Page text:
As a consequence of the above factors, there is a growing sense of impatience among the large numbers of landless South Africans at the slow pace of land reform to date and the ruling party is becoming concerned by the fertile ground that the emotive issue provides for the populist Economic Freedom Fighters (EFF) party. Led by the firebrand former leader of the ANC Youth League, Julius Malema, the EFF has called for the expropriation without compensation of land owned by white farmers. A politically popular move, the expropriation call resonates with many voters at a time of high unemployment, service delivery failures, ongoing widespread power cuts and the continuing scandal over the taxpayer-funded multi-million rand upgrade to President Jacob Zuma’s Nkandla homestead, all while living conditions for large numbers of black South Africans have improved little since the end of apartheid.
A shrewd politician himself, President Zuma stated as early as 2013 that the government would abandon the willing buyer, willing seller principle. Since the rise of the EFF, to continue with the policy would only hurt the ANC and the party presumably feels that any electoral backlash from its abandonment would be far outweighed by the perception that it is tackling land reform with renewed vigour.
In 2014, the ANC outlined a so-called “50-50” policy that it was considering introducing. Although little more has been said on this proposal, it is shaping up as a likely option. While still flawed, it may nonetheless offer something of a middle way.
Under this proposal, the government would buy half of some farms (without giving any indication of which farms) and then divide up the land among the various farm workers on the property. The formula to be used would see people who have worked on the farm for ten years receive ten per cent of the land purchased by the government, those who had worked there for 25 years a 25 per cent allocation and those who had worked there for 50 years 50 per cent share. On the face of it, and putting aside the uncertainties surrounding the acquisition of the farms in question, the issue of the productivity of such small-scale farms returns, as does the subsequent effect on food security.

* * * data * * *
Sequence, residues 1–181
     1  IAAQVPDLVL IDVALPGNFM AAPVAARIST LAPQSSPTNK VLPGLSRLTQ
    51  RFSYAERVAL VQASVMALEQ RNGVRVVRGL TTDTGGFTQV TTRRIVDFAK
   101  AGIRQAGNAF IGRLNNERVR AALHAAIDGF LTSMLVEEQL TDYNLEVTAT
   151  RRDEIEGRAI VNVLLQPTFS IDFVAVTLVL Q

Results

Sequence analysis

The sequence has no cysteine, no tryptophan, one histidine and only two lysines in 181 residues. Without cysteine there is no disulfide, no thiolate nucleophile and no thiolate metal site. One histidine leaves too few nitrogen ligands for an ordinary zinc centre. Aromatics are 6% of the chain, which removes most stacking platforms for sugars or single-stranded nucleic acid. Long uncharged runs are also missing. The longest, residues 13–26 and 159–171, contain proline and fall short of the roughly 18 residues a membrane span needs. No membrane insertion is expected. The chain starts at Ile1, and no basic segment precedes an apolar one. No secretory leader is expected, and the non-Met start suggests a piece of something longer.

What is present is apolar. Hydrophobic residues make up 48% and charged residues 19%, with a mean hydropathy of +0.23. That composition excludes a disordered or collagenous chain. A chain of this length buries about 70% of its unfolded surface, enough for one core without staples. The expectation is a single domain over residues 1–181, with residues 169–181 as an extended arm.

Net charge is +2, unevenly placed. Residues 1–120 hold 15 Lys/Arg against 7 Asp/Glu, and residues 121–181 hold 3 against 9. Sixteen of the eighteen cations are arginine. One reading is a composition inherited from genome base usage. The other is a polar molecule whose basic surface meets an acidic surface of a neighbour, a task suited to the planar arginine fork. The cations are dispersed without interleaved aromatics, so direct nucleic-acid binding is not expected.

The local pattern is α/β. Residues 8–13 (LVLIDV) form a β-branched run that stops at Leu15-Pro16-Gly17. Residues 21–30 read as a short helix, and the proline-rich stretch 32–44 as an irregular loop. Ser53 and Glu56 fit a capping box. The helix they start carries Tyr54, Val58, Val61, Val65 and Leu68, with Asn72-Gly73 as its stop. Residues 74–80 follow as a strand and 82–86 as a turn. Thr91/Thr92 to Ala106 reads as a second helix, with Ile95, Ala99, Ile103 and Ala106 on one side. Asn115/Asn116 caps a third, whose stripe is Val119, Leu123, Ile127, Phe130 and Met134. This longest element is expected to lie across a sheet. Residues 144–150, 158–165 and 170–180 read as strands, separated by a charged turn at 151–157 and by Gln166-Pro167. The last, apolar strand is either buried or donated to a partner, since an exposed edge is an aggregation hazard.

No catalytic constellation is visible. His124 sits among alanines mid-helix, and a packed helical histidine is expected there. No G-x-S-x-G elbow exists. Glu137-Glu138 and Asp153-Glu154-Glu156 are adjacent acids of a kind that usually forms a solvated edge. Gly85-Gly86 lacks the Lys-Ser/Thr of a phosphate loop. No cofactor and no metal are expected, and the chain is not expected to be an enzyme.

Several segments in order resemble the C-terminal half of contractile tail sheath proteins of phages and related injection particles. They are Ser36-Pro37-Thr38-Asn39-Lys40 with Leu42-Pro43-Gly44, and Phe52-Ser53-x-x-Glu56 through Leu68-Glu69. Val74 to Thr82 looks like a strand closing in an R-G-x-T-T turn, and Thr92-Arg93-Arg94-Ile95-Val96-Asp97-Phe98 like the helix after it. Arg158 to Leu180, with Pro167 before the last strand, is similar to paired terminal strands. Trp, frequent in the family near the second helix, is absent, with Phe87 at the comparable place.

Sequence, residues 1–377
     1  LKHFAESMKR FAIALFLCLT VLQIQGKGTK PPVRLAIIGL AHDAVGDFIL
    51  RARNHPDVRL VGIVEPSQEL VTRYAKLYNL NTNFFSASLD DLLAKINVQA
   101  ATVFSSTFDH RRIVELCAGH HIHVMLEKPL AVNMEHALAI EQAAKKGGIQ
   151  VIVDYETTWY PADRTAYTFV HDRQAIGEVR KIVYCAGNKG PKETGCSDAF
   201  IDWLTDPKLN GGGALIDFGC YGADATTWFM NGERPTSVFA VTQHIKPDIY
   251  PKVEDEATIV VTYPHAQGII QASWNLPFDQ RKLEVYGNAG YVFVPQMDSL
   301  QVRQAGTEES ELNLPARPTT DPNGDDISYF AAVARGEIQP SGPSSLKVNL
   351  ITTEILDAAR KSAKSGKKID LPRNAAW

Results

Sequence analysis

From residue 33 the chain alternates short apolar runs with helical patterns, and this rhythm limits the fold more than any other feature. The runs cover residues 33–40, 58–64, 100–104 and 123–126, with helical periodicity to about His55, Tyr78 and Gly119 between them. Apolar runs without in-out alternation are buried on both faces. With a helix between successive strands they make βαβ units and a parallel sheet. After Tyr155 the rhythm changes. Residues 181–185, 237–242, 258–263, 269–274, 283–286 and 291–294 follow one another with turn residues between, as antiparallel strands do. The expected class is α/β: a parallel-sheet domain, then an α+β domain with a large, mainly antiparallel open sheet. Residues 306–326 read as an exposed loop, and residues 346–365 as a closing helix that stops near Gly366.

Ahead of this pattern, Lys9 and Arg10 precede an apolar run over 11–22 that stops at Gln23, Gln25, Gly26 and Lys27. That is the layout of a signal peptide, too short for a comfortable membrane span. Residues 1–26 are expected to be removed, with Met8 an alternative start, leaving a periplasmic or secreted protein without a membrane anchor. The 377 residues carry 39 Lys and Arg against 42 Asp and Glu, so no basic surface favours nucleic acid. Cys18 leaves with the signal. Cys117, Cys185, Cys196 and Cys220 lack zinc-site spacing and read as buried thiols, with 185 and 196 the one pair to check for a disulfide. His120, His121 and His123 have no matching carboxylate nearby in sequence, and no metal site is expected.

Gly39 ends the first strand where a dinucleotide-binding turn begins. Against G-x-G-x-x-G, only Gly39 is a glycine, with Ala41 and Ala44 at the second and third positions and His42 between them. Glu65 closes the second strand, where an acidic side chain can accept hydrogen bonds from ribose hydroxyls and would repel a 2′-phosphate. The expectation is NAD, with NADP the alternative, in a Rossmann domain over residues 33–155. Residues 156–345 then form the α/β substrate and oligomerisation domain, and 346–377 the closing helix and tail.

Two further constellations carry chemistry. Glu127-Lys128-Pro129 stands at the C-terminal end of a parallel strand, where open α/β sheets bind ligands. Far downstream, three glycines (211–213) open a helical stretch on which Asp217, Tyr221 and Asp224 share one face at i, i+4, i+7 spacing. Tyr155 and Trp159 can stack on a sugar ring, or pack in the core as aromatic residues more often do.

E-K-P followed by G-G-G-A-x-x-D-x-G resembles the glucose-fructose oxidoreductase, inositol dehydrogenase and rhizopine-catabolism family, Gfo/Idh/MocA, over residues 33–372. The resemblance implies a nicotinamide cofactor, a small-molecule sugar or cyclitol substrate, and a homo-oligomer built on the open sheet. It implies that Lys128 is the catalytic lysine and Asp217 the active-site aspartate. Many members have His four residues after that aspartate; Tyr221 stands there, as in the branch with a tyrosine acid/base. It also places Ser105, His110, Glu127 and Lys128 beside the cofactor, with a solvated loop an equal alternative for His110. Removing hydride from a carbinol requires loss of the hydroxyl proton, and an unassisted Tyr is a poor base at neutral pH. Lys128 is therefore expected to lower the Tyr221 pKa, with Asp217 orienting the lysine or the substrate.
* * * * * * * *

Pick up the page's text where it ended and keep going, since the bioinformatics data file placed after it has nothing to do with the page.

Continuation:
President Zuma used his 2015 State of the Nation Address to announce a number of measures intended to expedite the transfer of land to black South Africans. Under the Regulation of Land Holdings Bill, foreigners will no longer be able to purchase new land in South Africa, although long-term leases of at least 30 years will be available. Between five and seven per cent of South African land is estimated to be foreign-owned, suggesting that, as in many other countries, the public perception of the amount of land owned by foreigners is often greater than the reality.
In a move perhaps intended force the break-up of large properties, South African citizens themselves will not be permitted to own more than 12,000 hectares. That figure is a largely unqualified amount that the government has said that it considers to constitute two average-sized farms.